Saying thank you to your clients is an effective way to start, cultivate and maintain long-term relationships—the pillars of your success.
Though everybody agrees with the importance of thanking clients for their referrals, often my adviser clients do not share the same view on the most appropriate way to express their gratitude. Some believe that a verbal expression of appreciation is enough. Others prefer sending a card. Some would rather treat their referral clients to dinner or a round of golf. Some go as far as rewarding referrals by offering a discount on their fees. However, the non-believers in discounting fees cringe at the idea and prefer to buy a gift, as they feel that discounting may lead clients to question the validity of the fee structure.
What would happen if you took the time to write handwritten thank-you cards? Would your clients appreciate the added personal touch and, as a consequence, would it lead to a deepening of the relationship?
A thank-you note is an elegant and cost-effective way to show appreciation to someone who has helped you. It is also a viable and effective way to improve a client relationship. When I address this issue with my clients, I always bring up my personal experience. Throughout my years spent working in both the financial services and consulting industries, I’ve never missed an opportunity to send out a handwritten card to thank a client, especially when he or she was the source of a referral. With a few rare exceptions, the responses to my notes have been consistently very positive—usually a phone call in appreciation for my taking the time to write the note and thinking of them.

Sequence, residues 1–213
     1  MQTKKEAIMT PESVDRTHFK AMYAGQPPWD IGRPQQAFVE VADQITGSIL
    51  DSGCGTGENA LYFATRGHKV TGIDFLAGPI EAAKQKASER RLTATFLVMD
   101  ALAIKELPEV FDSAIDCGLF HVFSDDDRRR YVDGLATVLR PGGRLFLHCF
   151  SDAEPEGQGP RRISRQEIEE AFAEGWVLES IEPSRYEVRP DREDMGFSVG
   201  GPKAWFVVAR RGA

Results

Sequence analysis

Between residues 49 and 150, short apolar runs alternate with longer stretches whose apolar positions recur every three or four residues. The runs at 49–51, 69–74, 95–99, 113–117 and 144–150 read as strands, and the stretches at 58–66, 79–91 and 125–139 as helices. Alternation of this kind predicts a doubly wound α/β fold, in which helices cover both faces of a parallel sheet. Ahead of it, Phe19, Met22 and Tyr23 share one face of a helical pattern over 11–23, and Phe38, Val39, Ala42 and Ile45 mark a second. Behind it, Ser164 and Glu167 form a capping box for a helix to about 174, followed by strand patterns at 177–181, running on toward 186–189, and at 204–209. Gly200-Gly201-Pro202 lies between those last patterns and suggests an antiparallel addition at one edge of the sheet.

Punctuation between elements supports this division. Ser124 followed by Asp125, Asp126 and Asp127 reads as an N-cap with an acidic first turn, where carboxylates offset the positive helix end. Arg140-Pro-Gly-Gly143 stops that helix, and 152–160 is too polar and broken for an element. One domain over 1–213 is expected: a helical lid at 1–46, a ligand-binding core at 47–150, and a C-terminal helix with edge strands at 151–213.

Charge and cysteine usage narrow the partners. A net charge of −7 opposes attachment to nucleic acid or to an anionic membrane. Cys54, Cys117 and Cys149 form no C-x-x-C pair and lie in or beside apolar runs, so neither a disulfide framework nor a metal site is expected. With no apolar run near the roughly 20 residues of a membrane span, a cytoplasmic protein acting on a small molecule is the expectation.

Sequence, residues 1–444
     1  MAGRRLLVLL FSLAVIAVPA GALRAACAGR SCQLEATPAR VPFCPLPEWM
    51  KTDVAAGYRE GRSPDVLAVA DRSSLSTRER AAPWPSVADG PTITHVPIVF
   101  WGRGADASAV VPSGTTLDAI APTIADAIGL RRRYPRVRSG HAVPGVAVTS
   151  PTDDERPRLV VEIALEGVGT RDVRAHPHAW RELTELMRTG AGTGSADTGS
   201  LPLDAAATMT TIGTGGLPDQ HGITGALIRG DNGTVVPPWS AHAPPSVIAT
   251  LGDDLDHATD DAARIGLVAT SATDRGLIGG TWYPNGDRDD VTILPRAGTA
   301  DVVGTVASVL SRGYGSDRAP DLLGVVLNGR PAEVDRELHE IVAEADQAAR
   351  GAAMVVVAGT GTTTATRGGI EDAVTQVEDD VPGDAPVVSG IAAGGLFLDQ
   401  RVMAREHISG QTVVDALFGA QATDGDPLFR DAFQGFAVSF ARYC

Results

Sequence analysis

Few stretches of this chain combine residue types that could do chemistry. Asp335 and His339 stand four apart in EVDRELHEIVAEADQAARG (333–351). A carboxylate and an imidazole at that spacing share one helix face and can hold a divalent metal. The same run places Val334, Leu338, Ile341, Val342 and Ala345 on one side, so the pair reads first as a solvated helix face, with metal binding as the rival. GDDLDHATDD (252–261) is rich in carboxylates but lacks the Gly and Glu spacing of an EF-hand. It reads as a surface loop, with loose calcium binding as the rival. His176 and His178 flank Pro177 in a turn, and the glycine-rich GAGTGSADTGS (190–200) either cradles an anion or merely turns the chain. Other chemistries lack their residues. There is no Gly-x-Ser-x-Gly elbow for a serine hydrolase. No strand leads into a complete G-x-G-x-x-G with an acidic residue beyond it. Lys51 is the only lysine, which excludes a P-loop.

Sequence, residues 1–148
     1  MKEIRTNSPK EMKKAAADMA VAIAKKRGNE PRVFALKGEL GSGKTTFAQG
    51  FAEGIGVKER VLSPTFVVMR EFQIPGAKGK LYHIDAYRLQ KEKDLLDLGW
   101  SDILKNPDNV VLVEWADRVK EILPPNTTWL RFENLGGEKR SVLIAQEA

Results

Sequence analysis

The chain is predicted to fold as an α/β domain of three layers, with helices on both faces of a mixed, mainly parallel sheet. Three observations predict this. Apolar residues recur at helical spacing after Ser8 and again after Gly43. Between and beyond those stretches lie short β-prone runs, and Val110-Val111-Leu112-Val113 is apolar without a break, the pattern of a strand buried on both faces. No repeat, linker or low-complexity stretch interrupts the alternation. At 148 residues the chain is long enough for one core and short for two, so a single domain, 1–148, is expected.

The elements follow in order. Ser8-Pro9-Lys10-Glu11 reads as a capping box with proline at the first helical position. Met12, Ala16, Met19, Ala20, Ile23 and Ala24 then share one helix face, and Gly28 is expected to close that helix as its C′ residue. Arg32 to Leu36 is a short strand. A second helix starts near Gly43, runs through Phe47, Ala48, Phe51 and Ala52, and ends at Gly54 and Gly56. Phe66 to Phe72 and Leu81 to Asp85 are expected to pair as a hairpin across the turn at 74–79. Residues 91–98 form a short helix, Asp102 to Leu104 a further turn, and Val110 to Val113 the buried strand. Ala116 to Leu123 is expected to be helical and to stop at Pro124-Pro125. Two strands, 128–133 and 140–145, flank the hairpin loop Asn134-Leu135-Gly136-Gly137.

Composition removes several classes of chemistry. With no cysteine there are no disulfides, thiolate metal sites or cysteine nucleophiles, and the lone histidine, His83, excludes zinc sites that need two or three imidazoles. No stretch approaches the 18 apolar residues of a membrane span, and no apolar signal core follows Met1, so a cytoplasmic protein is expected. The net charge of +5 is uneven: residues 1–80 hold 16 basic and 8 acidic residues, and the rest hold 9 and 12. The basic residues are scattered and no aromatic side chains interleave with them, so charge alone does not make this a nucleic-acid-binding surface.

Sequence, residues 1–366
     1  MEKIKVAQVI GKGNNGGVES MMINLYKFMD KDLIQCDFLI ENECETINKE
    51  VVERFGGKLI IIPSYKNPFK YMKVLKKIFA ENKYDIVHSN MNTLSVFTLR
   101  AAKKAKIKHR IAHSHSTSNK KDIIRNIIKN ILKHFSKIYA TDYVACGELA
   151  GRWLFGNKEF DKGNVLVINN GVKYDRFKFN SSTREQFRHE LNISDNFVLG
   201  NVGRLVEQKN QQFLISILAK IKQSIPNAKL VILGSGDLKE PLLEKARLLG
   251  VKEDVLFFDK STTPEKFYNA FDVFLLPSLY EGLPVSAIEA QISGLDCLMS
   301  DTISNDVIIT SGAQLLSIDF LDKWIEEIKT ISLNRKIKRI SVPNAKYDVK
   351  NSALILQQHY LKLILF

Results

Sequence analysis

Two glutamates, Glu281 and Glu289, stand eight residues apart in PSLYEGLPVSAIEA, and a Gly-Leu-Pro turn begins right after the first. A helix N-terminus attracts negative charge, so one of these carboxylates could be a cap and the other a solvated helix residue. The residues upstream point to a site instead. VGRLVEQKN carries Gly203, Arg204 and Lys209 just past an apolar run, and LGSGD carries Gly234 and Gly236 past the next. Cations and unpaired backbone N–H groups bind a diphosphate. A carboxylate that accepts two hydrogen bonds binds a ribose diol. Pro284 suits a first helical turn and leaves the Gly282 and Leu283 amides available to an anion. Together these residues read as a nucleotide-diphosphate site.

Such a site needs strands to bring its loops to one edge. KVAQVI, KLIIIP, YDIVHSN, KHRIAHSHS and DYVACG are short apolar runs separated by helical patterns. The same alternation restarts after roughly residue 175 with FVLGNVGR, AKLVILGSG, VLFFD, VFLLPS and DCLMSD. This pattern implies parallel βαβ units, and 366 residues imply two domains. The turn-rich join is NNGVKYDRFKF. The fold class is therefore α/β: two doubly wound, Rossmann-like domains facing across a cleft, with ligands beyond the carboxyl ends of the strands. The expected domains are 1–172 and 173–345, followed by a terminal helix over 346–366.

In our industry, every action is measured by the potential ROI it will generate. Consequently, the core question is whether or not a penned thank-you note is worth our time and money. We do not need to be financial analysts to conclude that the potential return both on investment and image of a few minutes of our time and a few dollars in cost by far outweighs the investment.
In an environment dominated by emails, e-vites, and e-zines, the good old handwritten note has become almost a relic of the past. However, while e-communications are often erased at the very same speed they’re sent, for many individuals, receiving a card through the regular mail is almost a novelty. A reason to ponder the fact that handwritten, gratitude-conveying notes are often not immediately dunked in the waste bin, but end up sitting on our desks for an extended period of time, as a reminder of someone’s expressing their gratitude and appreciation for our actions.
Do you belong to the camp that likes to send out thank-you cards for referrals? Or, do you resort to online automated services? What is your style?
i-Impact Group, Inc.